Coffy is a nurse out to introduce a bunch of heartless drug dealers to pain. This is not only an incredibly entertaining film, but also one that is interesting for how it puts sex and violence so close together — most American films keep the two very much separate. Of course COFFY has its dated elements, but there is a rocky morality to the movie that makes it very compelling still. Without Pam Grier, COFFY would probably still be relatively effective. But with Pam Grier, it’s an essential film in the history of American action cinema. Pam tears through these movies like a tigress through toilet paper. No one before or since — male or female — has ever been quite as sexy, sexual, funny, assertive, bold, and fierce. Pam’s career as an action star, when taken in perspective, was suprisingly brief. It’s not that Pam ever stopped being a force. It’s only because the system couldn’t handle her. Bunch of pussies. (Jon Abrams)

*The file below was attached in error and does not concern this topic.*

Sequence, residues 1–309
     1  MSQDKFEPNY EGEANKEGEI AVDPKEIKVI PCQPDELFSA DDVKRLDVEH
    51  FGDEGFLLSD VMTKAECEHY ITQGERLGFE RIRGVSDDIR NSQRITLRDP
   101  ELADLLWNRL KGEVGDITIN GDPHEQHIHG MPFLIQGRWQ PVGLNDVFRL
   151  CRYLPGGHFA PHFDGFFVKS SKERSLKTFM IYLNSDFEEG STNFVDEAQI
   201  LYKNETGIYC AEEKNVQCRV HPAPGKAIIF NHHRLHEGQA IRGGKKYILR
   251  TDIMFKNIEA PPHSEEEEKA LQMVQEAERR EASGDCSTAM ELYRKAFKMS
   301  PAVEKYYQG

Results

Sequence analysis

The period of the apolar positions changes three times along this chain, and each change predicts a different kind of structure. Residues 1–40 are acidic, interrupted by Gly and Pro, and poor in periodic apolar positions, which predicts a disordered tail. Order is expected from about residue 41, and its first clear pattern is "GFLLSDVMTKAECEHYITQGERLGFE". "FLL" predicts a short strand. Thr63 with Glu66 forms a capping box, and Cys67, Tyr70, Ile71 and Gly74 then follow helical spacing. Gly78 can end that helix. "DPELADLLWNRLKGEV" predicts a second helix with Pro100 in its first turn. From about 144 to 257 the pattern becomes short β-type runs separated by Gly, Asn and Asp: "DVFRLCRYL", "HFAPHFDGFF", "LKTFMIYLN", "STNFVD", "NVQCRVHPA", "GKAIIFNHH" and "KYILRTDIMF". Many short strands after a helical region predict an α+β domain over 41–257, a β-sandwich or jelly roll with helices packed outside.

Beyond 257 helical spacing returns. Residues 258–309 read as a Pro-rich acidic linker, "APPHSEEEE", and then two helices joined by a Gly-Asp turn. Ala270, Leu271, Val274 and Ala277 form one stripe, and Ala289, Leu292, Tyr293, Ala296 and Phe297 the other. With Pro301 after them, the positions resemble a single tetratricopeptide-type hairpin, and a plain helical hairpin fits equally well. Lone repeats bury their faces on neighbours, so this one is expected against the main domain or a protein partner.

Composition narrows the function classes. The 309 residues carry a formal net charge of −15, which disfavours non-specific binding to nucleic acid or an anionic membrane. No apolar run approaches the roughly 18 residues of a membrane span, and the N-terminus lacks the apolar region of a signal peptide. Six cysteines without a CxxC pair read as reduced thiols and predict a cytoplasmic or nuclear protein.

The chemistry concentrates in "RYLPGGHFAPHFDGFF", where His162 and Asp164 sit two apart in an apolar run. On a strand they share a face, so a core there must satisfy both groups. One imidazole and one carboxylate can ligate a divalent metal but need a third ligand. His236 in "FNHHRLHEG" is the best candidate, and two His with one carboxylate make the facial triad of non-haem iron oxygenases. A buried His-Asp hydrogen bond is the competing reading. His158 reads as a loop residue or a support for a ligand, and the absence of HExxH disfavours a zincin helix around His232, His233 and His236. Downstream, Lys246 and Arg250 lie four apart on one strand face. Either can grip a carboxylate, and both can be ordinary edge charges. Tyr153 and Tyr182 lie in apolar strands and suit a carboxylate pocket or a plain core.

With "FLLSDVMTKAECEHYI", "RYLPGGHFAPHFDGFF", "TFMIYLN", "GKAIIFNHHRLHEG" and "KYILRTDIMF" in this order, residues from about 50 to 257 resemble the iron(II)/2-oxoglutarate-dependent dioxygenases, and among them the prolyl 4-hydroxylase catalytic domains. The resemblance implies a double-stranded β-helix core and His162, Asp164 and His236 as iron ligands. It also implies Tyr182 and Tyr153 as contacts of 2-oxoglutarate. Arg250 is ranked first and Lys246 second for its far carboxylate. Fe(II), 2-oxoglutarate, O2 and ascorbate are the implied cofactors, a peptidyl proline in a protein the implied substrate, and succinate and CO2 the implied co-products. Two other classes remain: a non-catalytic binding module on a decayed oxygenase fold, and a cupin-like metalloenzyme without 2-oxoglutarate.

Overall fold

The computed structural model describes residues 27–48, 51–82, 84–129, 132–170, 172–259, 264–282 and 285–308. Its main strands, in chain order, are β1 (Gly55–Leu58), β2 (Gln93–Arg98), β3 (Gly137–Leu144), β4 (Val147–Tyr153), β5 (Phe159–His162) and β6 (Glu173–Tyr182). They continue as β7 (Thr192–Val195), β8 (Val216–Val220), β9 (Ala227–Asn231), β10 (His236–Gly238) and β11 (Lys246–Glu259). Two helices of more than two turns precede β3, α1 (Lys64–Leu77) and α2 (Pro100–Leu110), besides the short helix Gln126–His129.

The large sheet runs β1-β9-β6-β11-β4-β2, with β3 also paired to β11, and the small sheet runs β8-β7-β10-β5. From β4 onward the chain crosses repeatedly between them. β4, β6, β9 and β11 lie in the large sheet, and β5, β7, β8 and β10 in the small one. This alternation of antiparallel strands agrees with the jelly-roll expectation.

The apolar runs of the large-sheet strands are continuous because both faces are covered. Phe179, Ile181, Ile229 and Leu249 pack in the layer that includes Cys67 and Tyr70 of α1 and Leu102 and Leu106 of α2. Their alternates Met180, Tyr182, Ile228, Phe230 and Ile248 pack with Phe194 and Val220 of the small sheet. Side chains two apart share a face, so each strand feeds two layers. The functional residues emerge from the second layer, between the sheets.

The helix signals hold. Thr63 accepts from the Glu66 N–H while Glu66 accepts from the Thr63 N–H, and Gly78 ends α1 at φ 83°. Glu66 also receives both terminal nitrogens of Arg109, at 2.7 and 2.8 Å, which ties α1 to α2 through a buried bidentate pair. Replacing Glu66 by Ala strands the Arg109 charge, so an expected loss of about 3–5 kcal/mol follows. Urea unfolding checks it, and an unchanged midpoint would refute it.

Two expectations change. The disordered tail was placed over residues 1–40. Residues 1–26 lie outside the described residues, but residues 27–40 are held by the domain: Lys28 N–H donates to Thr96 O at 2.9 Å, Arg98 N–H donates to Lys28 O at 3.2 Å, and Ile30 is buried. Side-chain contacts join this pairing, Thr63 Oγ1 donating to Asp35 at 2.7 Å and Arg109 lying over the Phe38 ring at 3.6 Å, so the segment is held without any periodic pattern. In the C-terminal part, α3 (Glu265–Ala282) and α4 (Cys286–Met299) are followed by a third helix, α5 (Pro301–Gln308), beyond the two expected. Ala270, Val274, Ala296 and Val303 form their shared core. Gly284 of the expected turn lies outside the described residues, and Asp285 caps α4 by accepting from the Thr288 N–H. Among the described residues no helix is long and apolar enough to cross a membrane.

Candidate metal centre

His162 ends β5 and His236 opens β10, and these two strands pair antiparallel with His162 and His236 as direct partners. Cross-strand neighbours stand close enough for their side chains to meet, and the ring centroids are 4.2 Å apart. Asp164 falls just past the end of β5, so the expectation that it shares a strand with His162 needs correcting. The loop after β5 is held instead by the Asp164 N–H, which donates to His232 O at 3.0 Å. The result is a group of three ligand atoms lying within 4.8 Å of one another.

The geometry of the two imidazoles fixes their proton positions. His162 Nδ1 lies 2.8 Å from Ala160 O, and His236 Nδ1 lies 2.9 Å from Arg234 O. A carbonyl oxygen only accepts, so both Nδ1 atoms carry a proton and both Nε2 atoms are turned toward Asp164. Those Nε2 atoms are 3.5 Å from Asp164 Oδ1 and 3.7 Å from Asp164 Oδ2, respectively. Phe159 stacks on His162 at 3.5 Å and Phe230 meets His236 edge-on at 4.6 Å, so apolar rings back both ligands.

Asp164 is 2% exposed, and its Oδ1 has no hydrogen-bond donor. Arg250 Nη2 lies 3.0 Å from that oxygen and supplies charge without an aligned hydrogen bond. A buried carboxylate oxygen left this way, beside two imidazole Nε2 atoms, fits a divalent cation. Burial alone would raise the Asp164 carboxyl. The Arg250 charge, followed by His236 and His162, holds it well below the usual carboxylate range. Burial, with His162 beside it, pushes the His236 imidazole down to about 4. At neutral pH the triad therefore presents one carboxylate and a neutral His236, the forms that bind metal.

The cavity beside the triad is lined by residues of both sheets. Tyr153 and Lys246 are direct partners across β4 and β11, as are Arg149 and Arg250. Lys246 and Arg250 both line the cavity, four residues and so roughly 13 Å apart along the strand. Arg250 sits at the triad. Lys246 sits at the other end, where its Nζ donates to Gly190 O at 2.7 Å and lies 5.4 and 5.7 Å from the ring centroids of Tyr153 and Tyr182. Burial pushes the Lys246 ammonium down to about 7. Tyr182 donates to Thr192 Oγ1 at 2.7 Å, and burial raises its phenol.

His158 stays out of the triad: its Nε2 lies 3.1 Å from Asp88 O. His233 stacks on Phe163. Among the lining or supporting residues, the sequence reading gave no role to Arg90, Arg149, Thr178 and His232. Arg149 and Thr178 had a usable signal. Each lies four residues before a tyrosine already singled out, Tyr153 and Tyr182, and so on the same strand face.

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16. Daniel Clamp 

The Movie: GREMLINS 2: THE NEW BATCH (1990)

Played By: John Glover

Intended as a satirical cross between Donald Trump and Ted Turner, Daniel Clamp (John Glover) makes my list simply because he is the only human character in this anarchic sequel to outshine the titular troublemakers. A man who has achieved success beyond his outrageous dreams, billionaire Clamp is made relatable to audiences through his sheer boredom with his life. While the gremlins run rampant through his high-tech building, making life hell for the mostly milquetoast protagonists, Clamp is practically giddy at the chance to face a new, unexpected challenge to his massive empire. While everyone else is in a horror movie, Clamp is busy refocusing the situation to make himself the heroic man of action who can save New York City — John McClane as a billionaire eccentric. The audience can see that he is a deluded individual, completely out of touch with the world below his penthouse. But Clamp is blissfully unaware of his own awfulness and that makes him endearing and memorable in his own ineffectual way. (Matt Wedge)